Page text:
Exclusive: AIIMS director Dr M. Srinivas on what makes it topper

Indian medicare system needs to make facilities patient-friendly, he says

71-People-wait-in-the-AIIMS-Delhi-outpatient-department Beacon of hope: People wait in the AIIMS Delhi outpatient department | Sanjay Ahlawat

Dr M. Srinivas, the newly appointed director of the All India Institute of Medical Sciences, comes across as the quintessential topper. A man of humble origins, Srinivas started in a Kannada medium school and later became an MBBS gold medallist. In an interview with THE WEEK, the 56-year-old talks about what makes AIIMS India’s best hospital. Excerpts:

Affordable initiatives from the private sector are also required so that quality health care may be provided to people from the remotest corners.

Q What sets AIIMS apart?

A AIIMS Delhi is a one-of-a-kind national medical institute. It has a long history, and the foundations are solidly built to promote patient care, research and training.

AIIMS stands out because it provides quality care with the best standards to the poorest of the poor. Over the years, owing to the hard work of all the AIIMS family members, the institute has gained international recognition.

Q Tell us five things other hospitals can learn from AIIMS.

A We maintain the highest standards in affordable patient care and promote research―we keep research at the forefront. We also make it a point to ensure close coordination between various medical specialities.

AIIMS is equipped with excellent infrastructure and state-of-the-art equipment. The institution always acts proactively. We take the lead in times of national emergencies and ensure smooth health care coordination.

Q People with low income avoid medical care because of the expense. How can we ensure health equity?

A The Ayushman Bharat initiative is a big step towards ensuring health equity and AIIMS Delhi is actively contributing [to it]. Affordable initiatives from the private sector are also required so that quality health care may be provided to people from the remotest corners.

Dr M. Srinivas Dr M. Srinivas

Q How can we change the way we run hospitals―be it administration, infrastructure or enhancement of efficiency?

A I think a multi-pronged approach is required. It has to focus on the principles of good governance, employee satisfaction, infrastructure support, manpower management and background resources.

Q Primary health care is ailing. How can we strengthen our primary health centres?

A While I agree that there is a lot to be done to strengthen primary health care in India, I do not agree that it is ailing. Many initiatives have been taken under the National Health Mission to strengthen PHCs and these are showing results. But these are works in progress. Most of these initiatives are related to increasing inputs, strengthening human resource, and using technology to deliver and monitor services and programmes. We are also gradually expanding the range of services provided at these centres in terms of elderly care, mental health services, eyes/ENT services, etc.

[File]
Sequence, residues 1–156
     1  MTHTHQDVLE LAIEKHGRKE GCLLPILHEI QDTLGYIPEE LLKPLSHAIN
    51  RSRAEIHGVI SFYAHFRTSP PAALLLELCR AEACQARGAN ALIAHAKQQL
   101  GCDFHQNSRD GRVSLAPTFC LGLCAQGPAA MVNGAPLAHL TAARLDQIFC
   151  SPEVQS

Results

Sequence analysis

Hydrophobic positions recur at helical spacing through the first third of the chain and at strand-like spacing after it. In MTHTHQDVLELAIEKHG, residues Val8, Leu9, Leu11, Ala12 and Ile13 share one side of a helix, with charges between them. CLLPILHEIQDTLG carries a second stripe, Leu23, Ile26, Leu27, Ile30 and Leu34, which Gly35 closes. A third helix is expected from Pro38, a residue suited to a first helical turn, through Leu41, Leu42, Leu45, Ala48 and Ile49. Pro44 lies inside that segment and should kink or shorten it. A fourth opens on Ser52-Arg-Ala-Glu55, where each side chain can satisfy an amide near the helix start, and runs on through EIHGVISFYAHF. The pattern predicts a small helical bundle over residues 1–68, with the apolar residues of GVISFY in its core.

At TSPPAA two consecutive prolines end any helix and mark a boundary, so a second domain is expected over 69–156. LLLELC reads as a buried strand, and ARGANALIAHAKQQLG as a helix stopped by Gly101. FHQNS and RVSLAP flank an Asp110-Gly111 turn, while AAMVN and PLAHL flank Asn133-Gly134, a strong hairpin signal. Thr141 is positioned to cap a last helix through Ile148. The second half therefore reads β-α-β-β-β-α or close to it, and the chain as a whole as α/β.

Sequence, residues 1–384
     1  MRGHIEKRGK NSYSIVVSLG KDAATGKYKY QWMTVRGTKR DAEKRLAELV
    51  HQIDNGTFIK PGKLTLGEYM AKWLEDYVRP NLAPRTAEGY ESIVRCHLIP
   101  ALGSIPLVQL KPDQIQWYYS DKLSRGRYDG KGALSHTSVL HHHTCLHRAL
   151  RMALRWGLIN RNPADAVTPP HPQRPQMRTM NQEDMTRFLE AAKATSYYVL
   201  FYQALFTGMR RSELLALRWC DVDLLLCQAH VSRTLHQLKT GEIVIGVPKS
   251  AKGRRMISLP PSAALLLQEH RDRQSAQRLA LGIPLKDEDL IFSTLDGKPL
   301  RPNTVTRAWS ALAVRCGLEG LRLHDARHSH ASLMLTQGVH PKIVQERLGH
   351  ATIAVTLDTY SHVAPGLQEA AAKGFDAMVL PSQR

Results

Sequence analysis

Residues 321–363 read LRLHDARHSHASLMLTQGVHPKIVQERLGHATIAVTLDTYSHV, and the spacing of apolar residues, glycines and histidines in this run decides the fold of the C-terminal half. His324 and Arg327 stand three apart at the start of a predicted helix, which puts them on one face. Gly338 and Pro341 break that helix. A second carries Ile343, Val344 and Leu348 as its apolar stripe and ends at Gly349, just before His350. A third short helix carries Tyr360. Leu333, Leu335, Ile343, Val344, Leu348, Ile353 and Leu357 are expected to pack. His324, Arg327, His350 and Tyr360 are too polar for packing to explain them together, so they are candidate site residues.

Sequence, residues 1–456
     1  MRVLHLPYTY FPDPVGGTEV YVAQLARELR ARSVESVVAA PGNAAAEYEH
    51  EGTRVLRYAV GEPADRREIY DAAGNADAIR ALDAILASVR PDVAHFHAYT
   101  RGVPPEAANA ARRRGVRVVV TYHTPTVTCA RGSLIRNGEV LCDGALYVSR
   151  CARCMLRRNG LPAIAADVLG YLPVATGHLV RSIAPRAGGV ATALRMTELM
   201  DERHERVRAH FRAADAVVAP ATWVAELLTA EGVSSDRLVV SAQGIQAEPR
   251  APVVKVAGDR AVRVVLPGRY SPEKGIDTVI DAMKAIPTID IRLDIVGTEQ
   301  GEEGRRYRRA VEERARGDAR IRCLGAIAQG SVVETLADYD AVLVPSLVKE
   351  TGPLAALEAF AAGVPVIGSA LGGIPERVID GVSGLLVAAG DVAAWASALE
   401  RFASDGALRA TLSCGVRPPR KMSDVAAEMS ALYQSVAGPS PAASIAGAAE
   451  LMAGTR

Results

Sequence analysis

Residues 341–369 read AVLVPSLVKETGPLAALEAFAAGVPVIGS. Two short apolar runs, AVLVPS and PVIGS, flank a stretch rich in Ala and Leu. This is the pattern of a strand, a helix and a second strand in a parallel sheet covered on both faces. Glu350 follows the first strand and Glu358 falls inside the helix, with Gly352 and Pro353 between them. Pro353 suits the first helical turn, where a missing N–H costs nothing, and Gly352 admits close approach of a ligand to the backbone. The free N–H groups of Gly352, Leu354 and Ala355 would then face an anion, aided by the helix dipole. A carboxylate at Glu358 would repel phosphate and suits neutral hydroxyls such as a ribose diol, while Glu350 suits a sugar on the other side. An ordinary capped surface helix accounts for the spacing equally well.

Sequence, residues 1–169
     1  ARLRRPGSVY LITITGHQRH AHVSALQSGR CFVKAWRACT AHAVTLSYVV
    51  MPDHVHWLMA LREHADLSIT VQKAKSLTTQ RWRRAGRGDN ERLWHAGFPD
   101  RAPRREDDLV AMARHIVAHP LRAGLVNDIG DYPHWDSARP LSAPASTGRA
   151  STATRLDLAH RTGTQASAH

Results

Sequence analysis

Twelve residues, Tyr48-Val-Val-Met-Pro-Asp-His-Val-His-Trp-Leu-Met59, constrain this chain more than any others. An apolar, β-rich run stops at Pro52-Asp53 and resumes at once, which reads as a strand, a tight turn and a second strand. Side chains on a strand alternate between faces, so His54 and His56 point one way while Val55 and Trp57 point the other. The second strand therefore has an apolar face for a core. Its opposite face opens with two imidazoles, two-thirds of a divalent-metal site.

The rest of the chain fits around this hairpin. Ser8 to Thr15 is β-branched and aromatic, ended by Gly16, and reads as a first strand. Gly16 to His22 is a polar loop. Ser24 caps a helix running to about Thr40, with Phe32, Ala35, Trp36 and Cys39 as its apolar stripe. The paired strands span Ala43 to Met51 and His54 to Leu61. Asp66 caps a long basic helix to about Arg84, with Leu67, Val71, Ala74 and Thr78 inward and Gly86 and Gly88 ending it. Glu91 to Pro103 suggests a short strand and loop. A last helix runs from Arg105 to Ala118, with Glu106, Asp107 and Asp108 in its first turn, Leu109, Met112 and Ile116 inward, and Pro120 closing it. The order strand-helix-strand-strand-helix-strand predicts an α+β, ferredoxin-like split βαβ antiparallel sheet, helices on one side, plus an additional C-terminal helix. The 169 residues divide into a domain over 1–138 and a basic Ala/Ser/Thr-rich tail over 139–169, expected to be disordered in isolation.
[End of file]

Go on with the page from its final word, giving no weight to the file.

The areas that still need to be strengthened are community engagement and empowerment, as ultimately they must drive primary health care. The other area is the capacity of the district level system to plan, implement and monitor health care. As a result we have a very top down approach to the delivery of health care. This needs to change. We also need to make our facilities patient-centric or patient-friendly. Another area to address would be the provision of primary care in the private sector.

Q Shortage of doctors and the burden of noncommunicable diseases put a strain on hospitals. How do we get out of it?

A Currently, NCDs are a big challenge in terms of death and disabilities as well as in terms of load on the health care system. It is not only because of their large numbers―about 25 per cent of adults are hypertensive and 10 per cent are diabetic―but also because these are lifelong diseases requiring repeated visits to health facilities. Our health systems are used to deliver acute episodic care appropriate for communicable diseases rather than a longitudinal chronic care required for NCDs. It will require better systems of record-keeping, medicine refills, referrals, etc. Also, some of these people, whose access and affordability is still a challenge, will require advanced care.

Another thing to be understood in this context is the concept of team-based care. The shortage of doctors will always be there. We need to learn to do task shifting. What aspects of care provided by doctors can be done by a less-trained person like a nurse? Then shift some burden from nurses to a still lower rung of workers and so on. We need to have a re-look at the human resource and proceed accordingly to plan our professional education system.